Before we parted company, Josephine asked about my plans to travel home. I described the route, 08:15 departure from Minden to Dormund, Dortmund to Dusseldorf, Dusselfdorf to London, London to home. ‘I don’t think you can get from Minden to Dortmund tomorrow…one of the stations on that line is closed this weekend’. Sure enough, Josephine was correct, one of the stations on the line was closed for engineering works. The train was still running but it was taking a two hour detour, just enough delay for me to miss my flight out of Dusseldorf. Fortunately – there was an earlier train leaving at 05:15, so I got up at 04:30 and six hours later, boarded the flight. If it hadn’t been for that conversation I might still be abroad somewhere. The kindness of strangers.
The flight was duly delayed a while after we boarded, and when I eventually got to London Victoria, I discovered my local train station was shut for engineering works – you couldn’t make it up! I travelled to Croydon instead, and Carole kindly came to pick me up from the station.
I (just about) succeeded in keeping a smile on my face through the delays, and more importantly – I benefitted from the kindness of people I did not know, which all helped turn a good trip in to an excellent one.
*”orming” – wandering without intent, meandering, walking with pleasurable aimlessness (English regional, esp. Lincolnshire; supposedly derived from the Norse word for “worm”). With thanks to Robert Macfarlane for the definition.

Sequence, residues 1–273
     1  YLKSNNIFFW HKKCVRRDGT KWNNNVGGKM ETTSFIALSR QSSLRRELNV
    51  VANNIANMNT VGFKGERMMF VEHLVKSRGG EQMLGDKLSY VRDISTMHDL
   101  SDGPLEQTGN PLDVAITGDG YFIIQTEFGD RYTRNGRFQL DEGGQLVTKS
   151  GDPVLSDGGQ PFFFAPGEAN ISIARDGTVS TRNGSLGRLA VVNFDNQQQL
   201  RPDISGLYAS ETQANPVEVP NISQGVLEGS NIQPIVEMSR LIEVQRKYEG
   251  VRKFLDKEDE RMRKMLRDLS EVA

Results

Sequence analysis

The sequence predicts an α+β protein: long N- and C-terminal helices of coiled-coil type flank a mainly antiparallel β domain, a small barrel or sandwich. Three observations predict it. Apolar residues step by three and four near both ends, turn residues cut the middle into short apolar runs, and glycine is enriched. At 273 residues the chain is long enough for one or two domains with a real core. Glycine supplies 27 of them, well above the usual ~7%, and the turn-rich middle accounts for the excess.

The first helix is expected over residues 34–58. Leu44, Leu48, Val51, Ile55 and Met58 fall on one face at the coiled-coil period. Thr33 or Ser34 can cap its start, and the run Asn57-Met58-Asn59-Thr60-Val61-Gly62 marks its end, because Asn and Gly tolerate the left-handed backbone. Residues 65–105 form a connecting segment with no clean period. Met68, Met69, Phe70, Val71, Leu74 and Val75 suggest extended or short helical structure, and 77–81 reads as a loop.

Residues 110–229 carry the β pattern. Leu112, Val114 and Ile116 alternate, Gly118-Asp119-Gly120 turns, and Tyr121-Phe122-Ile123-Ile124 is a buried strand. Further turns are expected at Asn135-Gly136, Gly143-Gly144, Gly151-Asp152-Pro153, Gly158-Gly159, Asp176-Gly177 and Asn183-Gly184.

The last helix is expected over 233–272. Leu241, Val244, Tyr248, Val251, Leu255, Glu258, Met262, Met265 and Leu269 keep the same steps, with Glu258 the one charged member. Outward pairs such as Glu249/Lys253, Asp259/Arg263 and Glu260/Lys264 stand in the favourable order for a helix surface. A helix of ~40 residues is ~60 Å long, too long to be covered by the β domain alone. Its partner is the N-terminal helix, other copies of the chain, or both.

Yesterday I started an experiment to carry out a random act of kindness every day for 30 days. I was unsure how to kick the process off – and while at the post office, I bought a little something for Carole and Keira. When I headed into London later, I left the gift waiting for them at home, along with a hand made card.
My reason for travelling to London was to catch up with friends gathering to celebrate a new adventure for the very lovely Ollie Baxter. I’d previously made some art to reflect the idea of changes at work, which I packaged up and gave to Ollie, who took the envelope, thanked me and said he’d open it later. On the way to the party I offered my seat to someone on the train who smiled broadly and politely declined. On the way back from the party I offered round a bag of sweets to fellow train passengers, all of whom smiled, and politely declined.
I sat pondering my day. At that time I’d not received any acknowledgment for the gift I left at home for the girls. The gift I’d given at the party had remained unseen in its envelope. No one wanted my train seat, or a share in my sweets. I felt odd about all this until it struck me that my intention was in completely the wrong place. I’d been doing all this stuff with some expectation of satisfying myself, not those around me.
To the extent that altruism is defined as ‘disinterested and selfless concern for the well-being of others’, I am not sure it exists, by which I mean that the act of giving creates beneficial feedback for the giver as well as any positives which passes to the receiver. That said, I feel I’m off to a bad start and I need to put my own expectations into a different place. I’m going to leave the word ‘random’ out of the equation from now on – this is an intentional process after all.
Day two of the experiment beckons, and with it a chance to relax, let go, and just be kind.